Time for Sausage

Martin Luther’s reform began with posting a message — how logocentric. Reformed Protestantism began with eating food. To reinforce Protestant identity while so many manque Protestants are finding their inner penitential selves, here are a couple recipes.

The first is for St. Galler bratwurst:

63.00% veal
32.00% pork jowl
1.50% salt
1.25% milk, dry skim
0.85% sugar
0.42% mustard seed, ground
0.42% lemon zest
0.35% pepper, white, ground
0.10% ginger, powdered
0.06% mace, ground

26mm sheep casings

For those who think that looks hard (I do — who measures like that?), here’s a way to dine on sausage that looks tasty and comforting:

Ingredients 12 SERVINGS
2 tablespoons unsalted butter, plus more
1 medium boule sourdough, cut into 1-inch pieces (9–10 cups), dried out overnight
2 tablespoons olive oil
1 pound sweet or spicy Italian sausage, casings removed
2 large onions, finely chopped
3 celery stalks, chopped
¼ cup finely chopped sage
Kosher salt, freshly ground pepper
1 cup dry white wine
2 large eggs, beaten to blend
1 cup low-sodium chicken broth
2 cups half-and-half
1 pound aged cheddar, grated (about 5 cups), divided

Preheat oven to 300°. Butter a shallow 13×9″ baking dish and a large piece of foil. Place 9 cups bread in a large bowl.
Heat oil in a large skillet over medium-high. Cook sausage, stirring occasionally and breaking into small pieces with a wooden spoon, until browned and cooked through, 7–10 minutes. Transfer to bowl with bread.
Place onions, celery, sage, and 2 Tbsp. butter in same skillet; season with salt and pepper. Cook, stirring often, until onions are golden brown and soft, 10–12 minutes. Add wine and cook, stirring occasionally, until almost completely evaporated, about 5 minutes; scrape into bowl with bread and sausage.
Whisk eggs and broth in a medium bowl until smooth, then pour over bread mixture. Pour in half-and-half and add 3 cups cheese; toss to combine. Season with salt and pepper. Transfer to prepared baking dish and cover with foil, buttered side down. Bake until a paring knife inserted into the center comes out hot, 40–50 minutes .
Heat broiler. Uncover stuffing and top with remaining cheese. Broil until top is golden and bubbling, about 4 minutes. Let sit at least 10 minutes and up to 30 before serving.
Do Ahead: Stuffing can be assembled 1 day ahead; cover with foil and chill. Stuffing can be baked (but not broiled) 3 hours ahead. Store tightly wrapped at room temperature until ready to broil.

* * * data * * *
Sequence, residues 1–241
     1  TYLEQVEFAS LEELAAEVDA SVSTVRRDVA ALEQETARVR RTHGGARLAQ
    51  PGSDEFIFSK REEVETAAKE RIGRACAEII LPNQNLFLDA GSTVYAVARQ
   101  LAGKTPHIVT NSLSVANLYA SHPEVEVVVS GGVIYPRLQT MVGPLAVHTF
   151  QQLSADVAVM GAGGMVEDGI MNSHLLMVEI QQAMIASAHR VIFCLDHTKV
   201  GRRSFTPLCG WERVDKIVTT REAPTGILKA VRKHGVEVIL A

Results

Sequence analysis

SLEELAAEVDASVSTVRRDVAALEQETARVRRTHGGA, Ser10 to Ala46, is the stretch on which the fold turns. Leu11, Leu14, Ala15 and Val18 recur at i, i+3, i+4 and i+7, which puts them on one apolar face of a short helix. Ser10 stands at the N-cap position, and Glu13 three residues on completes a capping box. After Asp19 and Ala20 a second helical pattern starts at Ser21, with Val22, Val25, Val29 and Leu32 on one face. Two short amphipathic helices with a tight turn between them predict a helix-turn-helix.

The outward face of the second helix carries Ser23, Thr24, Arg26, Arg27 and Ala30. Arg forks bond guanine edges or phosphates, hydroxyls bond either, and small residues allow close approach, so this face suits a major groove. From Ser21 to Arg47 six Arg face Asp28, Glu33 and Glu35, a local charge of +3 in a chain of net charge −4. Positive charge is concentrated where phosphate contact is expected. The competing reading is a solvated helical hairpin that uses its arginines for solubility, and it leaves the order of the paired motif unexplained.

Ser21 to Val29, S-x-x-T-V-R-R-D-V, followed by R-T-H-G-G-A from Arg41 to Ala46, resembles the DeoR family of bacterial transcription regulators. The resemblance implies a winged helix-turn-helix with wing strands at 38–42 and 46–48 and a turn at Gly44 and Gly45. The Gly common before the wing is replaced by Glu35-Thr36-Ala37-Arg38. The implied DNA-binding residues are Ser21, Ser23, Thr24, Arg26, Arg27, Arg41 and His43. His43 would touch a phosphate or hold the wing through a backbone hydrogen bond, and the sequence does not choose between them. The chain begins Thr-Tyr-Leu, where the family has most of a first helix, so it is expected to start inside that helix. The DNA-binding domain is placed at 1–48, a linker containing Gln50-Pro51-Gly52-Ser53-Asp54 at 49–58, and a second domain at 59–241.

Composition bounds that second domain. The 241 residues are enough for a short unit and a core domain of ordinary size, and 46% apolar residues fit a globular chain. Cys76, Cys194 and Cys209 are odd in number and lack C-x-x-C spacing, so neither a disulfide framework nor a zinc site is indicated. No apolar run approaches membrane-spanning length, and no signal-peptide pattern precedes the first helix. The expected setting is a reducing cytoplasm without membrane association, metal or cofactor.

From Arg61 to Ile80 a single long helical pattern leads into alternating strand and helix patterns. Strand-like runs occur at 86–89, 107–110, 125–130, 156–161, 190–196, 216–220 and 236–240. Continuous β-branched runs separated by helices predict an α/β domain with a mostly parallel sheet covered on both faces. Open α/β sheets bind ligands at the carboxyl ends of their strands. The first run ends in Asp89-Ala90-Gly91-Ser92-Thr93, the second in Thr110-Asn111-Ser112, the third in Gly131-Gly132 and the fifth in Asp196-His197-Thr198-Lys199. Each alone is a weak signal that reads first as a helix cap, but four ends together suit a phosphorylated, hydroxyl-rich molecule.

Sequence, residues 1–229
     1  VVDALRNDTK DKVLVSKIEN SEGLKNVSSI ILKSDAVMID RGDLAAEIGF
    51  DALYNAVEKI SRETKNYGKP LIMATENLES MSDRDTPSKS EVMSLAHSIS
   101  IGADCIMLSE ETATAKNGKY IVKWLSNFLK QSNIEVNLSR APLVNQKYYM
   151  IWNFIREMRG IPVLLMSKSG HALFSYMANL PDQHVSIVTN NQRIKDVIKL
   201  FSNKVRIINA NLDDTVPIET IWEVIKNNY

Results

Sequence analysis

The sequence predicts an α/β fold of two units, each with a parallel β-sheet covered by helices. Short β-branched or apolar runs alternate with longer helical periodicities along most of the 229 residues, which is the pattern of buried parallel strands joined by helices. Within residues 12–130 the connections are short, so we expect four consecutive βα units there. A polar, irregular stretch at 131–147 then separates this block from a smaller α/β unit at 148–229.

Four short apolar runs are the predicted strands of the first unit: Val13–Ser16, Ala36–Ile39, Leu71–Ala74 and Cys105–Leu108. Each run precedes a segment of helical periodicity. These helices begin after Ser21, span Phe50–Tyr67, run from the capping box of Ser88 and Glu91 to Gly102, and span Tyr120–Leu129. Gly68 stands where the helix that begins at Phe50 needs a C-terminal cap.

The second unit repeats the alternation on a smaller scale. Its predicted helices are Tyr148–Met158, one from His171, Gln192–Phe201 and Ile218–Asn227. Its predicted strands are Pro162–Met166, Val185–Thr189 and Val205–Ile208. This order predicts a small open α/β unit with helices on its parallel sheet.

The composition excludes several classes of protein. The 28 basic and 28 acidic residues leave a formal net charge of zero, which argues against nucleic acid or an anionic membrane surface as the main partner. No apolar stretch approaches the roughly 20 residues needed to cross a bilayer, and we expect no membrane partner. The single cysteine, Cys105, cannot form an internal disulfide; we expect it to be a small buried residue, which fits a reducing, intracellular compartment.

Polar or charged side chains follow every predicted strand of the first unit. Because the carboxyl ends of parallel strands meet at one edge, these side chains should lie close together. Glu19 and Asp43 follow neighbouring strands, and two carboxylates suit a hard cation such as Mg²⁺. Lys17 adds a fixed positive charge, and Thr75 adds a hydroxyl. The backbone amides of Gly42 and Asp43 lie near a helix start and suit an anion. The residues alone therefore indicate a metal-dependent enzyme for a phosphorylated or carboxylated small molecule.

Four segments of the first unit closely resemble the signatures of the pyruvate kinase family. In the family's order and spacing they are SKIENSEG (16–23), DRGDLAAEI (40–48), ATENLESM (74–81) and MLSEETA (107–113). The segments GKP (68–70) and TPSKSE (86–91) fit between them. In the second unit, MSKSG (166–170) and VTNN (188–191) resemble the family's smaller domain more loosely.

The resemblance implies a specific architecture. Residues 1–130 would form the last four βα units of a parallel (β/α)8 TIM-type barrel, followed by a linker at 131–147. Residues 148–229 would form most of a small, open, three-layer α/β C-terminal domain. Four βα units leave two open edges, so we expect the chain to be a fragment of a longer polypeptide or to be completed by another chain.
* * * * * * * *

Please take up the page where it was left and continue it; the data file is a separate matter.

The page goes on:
17 thoughts on “Time for Sausage

  1. That recipe looks good! I’ll have to try it. But I have lots of other sausage and pork recipes, too. What I would really like to taste (and can’t get anyplace around this area that I’m aware of) is genuine steak and kidney pie (that is, one that’s made exactly the way the English make (made?) it, not the perfunctory way that some bars and taverns that call themselves “pubs” make here.


  2. “What I would really like to taste is genuine steak and kidney pie…made exactly the way the English make…it.”

    Not a sentiment I ever expected to see expressed unironically.


  3. Now, now, sbd. Who’s to say that it’s a bad dish when it’s prepared properly. Then again, I fondly recall my mother fixing kidney stew (the kidneys had to be pressure cooked to tenderize though some told me it was to boil the pee out of them). There are still many more exotic foods to be tasted around the world if only one can overcome the stigma associated with them.


  4. Sounds Zwinglian to me. If you start eating meat, you might start denying Christ’s real incarnation.

    Zwinglian is bad because it’s “merely” remembering Christ’s once for all time permanent death ‘alone” and looking to Christ’s second coming “Alone”

    Sausages will keep you from being lifted up by the Holy Spirit to nourish on the humanity of Christ in heaven.

    “When Zwingli met with a group of Zurich leaders during Lent in 1522, not debate but ecclesiastical disobedience was on their minds. The printer Cristopher Froschauer served sausages, in conscious opposition to the Catholic Church’s Lenten fast requirements. All ate the meat but Zwingli himself, although he supported the action and it had in fact resulted from his biblical preaching…. While supporting the change in religious practice, Zwingli did not eat the meat because Zwingli did not want to endanger his position as pastor of the whole people. His sermon the following Sunday justified the abolition of the Lenten fast without condemning the traditionalists: “If you want to fast, do so; if you do not want to eat meat, don’t eat it”.

    But if some of the people want to wait for God’s effectual before water, some of the people must drown, for the sake of orderly and graduation reformation, and the position of pastors with all the people to think about..



  5. Who cares what we do or don’t do with our bodies? The second coming happens as soon our immortal spirits go up above for good.

    “Ryan Is Looking Down Right Now”

    Even when baby Christians like Trump are killing civilians for the sake of the second kingdom, they still have a theology which takes for granted the catholic tradition of immortal souls. .

    “Ryan Is Looking Down Right Now” does not mean “the soldier’s death sits in judgment on us”

    Romans 12: 23 “to the assembly of the firstborn whose names have been written in heaven, to God who is the Judge of all, to the spirits of righteous people made perfect, 24 to Jesus (mediator of a new covenant), and to the sprinkled blood, which says better things than the blood of Abel.”

    As Billy Graham taught us at the funeral of Richard Nixon, the perfection of saints is not their justification but their already realized presence as spirits without bodies in heaven.


    William Tyndale, 1530—- “Nay, Paul, thou art unlearned; go to Master Thomas More, and learn a new way. We be not most miserable, though we rise not again; for our souls go to heaven as soon as we be dead, and are there in as great joy as Christ that is risen again. And I marvel that Paul had not comforted the Thessalonians with that doctrine, if he had known it.” An Answer to Sir Thomas More’s Dialogue (Parker’s 1850 reprint), bk. 4, ch. 4, p. 180

    William Tyndale—“When More proveth that the saints be in heaven in glory with Christ already, saying, “If God be their God, they be in heaven, for he is not the God of the dead;” there he stealeth away Christ’s argument, wherewith he proveth the resurrection: that Abraham and all saints should rise again, and not that souls were now living in hell or in purgatory or in heaven; which doctrine was not yet in the world. With that doctrine More taketh away the resurrection quite, and maketh Christ’s argument of none effect.”